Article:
#17 Billboards There were billboards all over Bangalore with no advertising on them. That made me sad. In a city of 12 million people there should be plenty to advertise, and plenty of people who would rather see your ad than a big empty board on the side of the road. I am still mulling over what I can do to help this situation. If anyone wants to collaborate on a “Make Bangalore Beautiful with Billboards’ initiative with me, let me know.
#19 The Head Bobble The most perplexing thing I encountered in India was the head wobble, or bobble. This head movement is neither a head nod, nor a shaking of the head, but both and neither at the same time. In fact, it seems to be the head moving in all the ways a head can move that are neither a nod nor a shake.
I found that I have no way of processing this gesture. So I was confounded by how to interpret it. Did it mean there was a problem? Is it the equivalent to the stink face? Or does it mean everything is ok? Eventually I came to realize it is not a bad sign. And no one was mad at me. But it still feels like an input that my processor doesn’t know how to interpret.
#20. The Time Zone The time in India is 10.5 hours later than US. Central Time Zone. I could not have kept this straight without the World Clock feature on my iPhone. I have never visited another place that did the .5 hour difference. Which made India feel just a bit more exotic than it already felt.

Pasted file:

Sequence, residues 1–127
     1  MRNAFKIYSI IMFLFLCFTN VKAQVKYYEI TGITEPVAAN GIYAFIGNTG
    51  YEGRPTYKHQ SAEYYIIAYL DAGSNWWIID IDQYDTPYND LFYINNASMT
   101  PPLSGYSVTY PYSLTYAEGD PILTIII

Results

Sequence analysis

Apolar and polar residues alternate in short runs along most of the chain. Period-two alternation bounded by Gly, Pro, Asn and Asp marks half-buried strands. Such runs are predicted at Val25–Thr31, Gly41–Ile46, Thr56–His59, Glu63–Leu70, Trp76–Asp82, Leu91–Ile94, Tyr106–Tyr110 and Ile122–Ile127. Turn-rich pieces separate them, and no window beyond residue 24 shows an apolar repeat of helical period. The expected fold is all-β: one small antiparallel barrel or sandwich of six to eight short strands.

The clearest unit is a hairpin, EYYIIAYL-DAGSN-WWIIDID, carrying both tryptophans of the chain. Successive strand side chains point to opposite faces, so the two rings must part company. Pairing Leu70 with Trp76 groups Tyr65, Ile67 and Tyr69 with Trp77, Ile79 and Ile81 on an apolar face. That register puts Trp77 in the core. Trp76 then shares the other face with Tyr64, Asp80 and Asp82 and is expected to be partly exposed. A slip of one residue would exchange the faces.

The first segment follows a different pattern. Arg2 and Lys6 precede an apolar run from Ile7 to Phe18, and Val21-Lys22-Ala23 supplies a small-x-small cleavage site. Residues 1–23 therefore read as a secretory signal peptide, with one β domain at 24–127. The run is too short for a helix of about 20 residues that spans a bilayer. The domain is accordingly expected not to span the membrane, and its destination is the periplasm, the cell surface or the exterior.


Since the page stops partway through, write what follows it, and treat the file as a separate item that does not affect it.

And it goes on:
India was amazing. I have a new-found appreciation for all that I saw and experienced there. It all started with the very special people. It also ended with the people. In fact, the final night we were in India we were invited to the beautiful home of Parth and Roshen Amin. They treated us to a wonderful dinner and an unforgetable evening among our new friends on the other side of the planet. It was the cherry and whipped cream on top of our trip.
If you ever have the chance to travel to India for work or pleasure, I strongly encourage you to go. Interact with the people. Enjoy the food. Avoid the water. Smell the air. Look out for cows. Pack your pills. Grab some popcorn, and watch the traffic. And if you figure out how to interpret the head bobble, please let me know.
This week marks the beginning of the 22nd year of my advertising career. Over the past 22 years I have worked for an agency owned by private equity, an agency owned by a public holding company, and an agency that was privately held. I have learned a lot along the way. In 2016 I launched my own ad agency called The Weaponry. And I’m trying to apply all I have learned to make this bird fly.